The scenes across the street are constantly in flux. It is always too late to avert the gaze. The recluse, the exhibitionists, the bohedonists, the yelping dogs and bemused cats. The regimes of domesticity that appear familiar, yet far removed. But throughout the years, and the sickness, and the absences, you have remained. When I began to doubt my stability, I turned my head and there they were. The signs of continuity. And they reassured me. Someday I'm going to turn my head, and the owl will have ceased its vigil. And then I will know.

Monday, March 15, 2010

Counterfactual of the week

What if Jimi Hendrix had not died prematurely in September 1970? And what if Miles Davis, who reportedly admired the guitarist, had agreed to form a new fusion band in 1971 with Hendrix included? John McLaughlin was remarkable in his own idiosyncratic fashion, but it is interesting to imagine what the Davis-Hendrix combination might have sounded like. Perhaps with Tony Williams or Billy Cobham on the kit, and Jaco or Stanley Clarke on bass. Chick Corea or Hancock on keys. It might have been the End of Music. No anxiety of influence after that, right? Its also regretful that Jeff Beck never directly collaborated with Davis during the former's fusion flirtations in the 70s.

Sunday, March 14, 2010

Fisheyeiana #2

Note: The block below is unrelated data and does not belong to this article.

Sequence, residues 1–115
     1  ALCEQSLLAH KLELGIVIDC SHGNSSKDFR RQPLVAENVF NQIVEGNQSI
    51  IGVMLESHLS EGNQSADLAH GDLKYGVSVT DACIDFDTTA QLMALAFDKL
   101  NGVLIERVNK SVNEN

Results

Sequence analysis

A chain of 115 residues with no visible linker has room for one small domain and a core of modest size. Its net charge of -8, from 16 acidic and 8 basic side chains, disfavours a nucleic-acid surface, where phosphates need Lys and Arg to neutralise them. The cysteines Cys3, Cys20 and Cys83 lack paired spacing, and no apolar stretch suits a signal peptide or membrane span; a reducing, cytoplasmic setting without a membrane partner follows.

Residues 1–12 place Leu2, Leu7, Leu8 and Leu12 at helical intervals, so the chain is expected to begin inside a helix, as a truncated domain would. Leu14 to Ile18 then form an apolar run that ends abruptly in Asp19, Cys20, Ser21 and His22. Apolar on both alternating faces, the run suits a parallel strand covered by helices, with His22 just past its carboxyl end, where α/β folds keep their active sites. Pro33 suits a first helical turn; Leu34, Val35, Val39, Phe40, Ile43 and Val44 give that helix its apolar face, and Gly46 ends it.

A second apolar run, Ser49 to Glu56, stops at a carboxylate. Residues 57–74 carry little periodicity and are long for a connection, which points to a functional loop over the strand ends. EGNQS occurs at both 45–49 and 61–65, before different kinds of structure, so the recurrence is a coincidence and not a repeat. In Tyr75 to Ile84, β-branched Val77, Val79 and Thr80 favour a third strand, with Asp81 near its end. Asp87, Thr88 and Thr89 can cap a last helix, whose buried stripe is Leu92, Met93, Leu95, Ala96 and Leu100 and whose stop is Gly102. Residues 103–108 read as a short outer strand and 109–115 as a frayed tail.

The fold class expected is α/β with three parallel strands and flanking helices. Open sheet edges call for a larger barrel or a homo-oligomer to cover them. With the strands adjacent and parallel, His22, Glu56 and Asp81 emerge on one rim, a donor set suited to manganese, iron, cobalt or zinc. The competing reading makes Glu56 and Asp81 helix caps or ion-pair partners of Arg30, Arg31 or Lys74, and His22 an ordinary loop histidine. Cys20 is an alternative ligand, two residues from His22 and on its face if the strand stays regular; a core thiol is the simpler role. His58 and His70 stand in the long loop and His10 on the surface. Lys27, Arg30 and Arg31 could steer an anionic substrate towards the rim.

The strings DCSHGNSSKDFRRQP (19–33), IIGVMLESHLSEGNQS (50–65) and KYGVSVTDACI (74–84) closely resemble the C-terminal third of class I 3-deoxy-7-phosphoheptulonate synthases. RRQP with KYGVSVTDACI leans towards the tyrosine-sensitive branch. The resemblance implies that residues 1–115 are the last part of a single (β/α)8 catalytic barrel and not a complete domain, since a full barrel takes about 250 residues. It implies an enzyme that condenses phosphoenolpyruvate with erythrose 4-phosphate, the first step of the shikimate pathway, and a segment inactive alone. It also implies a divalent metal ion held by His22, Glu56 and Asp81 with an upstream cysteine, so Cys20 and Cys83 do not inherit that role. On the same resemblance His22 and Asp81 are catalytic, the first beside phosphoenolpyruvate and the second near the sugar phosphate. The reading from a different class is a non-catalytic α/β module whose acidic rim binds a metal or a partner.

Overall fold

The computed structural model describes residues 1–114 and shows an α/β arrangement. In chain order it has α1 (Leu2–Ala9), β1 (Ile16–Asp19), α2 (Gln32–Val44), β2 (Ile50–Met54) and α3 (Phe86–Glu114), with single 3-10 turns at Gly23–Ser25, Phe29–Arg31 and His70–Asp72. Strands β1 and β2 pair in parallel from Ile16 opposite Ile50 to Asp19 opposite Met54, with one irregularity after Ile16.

The Golden Globe Awards were held a few weeks ago. I couldn't help notice that Drew Barrymore was allotted a seemingly unlimited amount of time in which to babble incoherently in acceptance of her award for a TV drama that looked to me to be a "very special" episode of the Waltons. Immediately afterwards, Michael Haneke, a true master of the cinema, was granted all of ten seconds to accept, in his halting English, an award for best "foreign language" film from the Hollywood Foreign Press. A puzzling moment for me, until I quickly realized that the television is always most effective when it is turned off.

I'm noticing that I seem to prefer my contemporary music without any words in them. Instrumental music -- isn't that a forgotten redundancy? Godspeed, you black emperors. Go do, make, say and think.
On a different note, I fully confess that I don't get the Tom Waits fetish. Or the Leonard Cohen thing. Uncool me, I suppose. Double uncool me.